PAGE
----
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Exam - MU Black Studies Department Hosts Community Conversation around Race and Social Justice

Claire Banderas

Last Friday, the MU Black Studies Department hosted Dr. Marc Lamont Hill to moderate a community conversation and reflection on the race and social justice issues raised by students last fall. Hill is a professor of African American Studies at Morehouse College in Atlanta and host of BET News and VH1 Live.

The evening began with performances from students, including members of the organization Indie Poets and the Legion of Black Collegians Gospel Choir. 

Kierra Jones is a freshman at MU. She works in the Black Studies Department and helped organize the event.

“I really enjoyed it because I’m a freshman so I wasn’t here last year with everything going on campus so it’s really good just to really hear the insight on everything, how everyone feels and what they feel the growth is from last year what we should do to move forward," Jones said. 

Following the performances, Hill moderated a panel including student demonstrators, professors at the university and community organizers. He emphasized the panel was meant to find tangible ways to continue to work for change on campus.

Topics ranged from how to approach topics like privilege on a predominantly white campus, to the national perception of last semester’s protests due to media representation. One reoccurring theme was how conversations surrounding race often occur in a black and white binary, and how to unify the movement.

Amalia Dache-Gerbino, one of the members of the panel, teaches in the Department of Educational Leadership & Policy Analysis. She says that the binary includes people who may not see themselves as black because the institutions and structures marginalizing students affects all racial minorities.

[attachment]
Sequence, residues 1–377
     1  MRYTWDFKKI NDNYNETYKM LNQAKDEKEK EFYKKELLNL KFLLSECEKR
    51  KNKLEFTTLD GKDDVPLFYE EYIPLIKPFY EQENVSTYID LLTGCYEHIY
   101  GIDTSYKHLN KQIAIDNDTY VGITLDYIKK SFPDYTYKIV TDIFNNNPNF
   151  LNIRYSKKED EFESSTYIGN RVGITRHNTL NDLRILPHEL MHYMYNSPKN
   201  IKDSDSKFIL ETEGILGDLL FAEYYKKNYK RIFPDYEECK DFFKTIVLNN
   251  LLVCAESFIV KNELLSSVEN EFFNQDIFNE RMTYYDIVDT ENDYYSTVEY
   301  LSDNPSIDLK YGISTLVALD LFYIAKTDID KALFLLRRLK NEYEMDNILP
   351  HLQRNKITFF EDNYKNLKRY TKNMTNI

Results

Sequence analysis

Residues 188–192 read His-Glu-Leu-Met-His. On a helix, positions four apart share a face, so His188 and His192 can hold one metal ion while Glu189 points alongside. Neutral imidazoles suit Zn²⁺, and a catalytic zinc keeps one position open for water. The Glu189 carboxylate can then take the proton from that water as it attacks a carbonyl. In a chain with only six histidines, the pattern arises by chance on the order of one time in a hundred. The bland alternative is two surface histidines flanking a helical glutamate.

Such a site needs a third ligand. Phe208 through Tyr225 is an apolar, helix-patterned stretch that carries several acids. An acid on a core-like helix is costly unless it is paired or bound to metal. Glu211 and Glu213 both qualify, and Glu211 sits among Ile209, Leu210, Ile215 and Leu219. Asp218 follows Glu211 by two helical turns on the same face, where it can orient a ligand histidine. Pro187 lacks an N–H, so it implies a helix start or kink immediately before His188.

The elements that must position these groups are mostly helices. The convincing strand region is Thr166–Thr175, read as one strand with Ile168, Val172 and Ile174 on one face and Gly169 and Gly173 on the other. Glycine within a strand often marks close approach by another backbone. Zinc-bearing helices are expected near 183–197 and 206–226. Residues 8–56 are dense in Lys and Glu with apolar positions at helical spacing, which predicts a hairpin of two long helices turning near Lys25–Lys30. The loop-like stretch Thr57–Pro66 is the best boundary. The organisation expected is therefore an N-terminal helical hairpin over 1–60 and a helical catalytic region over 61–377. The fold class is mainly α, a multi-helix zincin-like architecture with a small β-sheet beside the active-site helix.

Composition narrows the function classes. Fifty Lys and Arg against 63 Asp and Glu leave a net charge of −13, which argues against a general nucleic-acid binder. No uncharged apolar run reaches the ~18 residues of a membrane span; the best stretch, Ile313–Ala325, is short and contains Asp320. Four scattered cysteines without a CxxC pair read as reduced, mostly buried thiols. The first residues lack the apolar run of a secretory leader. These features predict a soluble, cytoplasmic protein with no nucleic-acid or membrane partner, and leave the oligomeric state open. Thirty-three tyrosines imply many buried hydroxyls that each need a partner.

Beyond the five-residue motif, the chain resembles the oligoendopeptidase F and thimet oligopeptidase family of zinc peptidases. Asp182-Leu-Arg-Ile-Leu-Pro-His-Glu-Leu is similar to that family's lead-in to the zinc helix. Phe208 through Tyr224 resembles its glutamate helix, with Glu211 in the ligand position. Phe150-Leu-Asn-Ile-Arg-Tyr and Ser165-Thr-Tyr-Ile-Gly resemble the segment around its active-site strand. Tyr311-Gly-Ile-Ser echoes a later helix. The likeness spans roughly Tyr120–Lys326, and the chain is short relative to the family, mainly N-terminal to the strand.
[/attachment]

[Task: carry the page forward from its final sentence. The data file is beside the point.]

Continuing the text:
"I think it’s important to bring in conversations that address any type of issue happening with marginalization on campus, so black students talked about black liberation last semester but black liberation is tied to indigenous liberation, it’s tied to class liberation, it’s tied LGBTQ liberation. It’s tied to all of these issues," Dache-Gerbino said. "But we need to be more nuanced and more sophisticated in having these conversations to bring people together so that we can talk about the issues.”

One way Dache-Gerbino says we can nuance these conversations is by adding historical context to conversations of racism on campus.

Quay, a freshman at MU, says now that she has learned the history behind student protests on campus and seen support from other students she’s inspired.

“What stood out to me at this event was to find that people cared. Especially people that aren’t my color, so seeing white, Caucasian people coming and talking on behalf of use made me feel like we aren’t as alone as I thought we were on campus," she said. 

She said she wants to look for small ways to communicate with others to create more openness.

“I feel like I would probably talk to more Caucasian people, not only just talk to them but about African-Americans and let them know they shouldn’t be intimated by us, so that could be one of the reasons and actually understand where they’re coming from and hopefully they can do the same with me," Quay said. 

Those kinds of conversations are what Hill, the moderator, said need to continue past this event, having conversations that aren’t always comfortable, but committing to listening to people despite differences.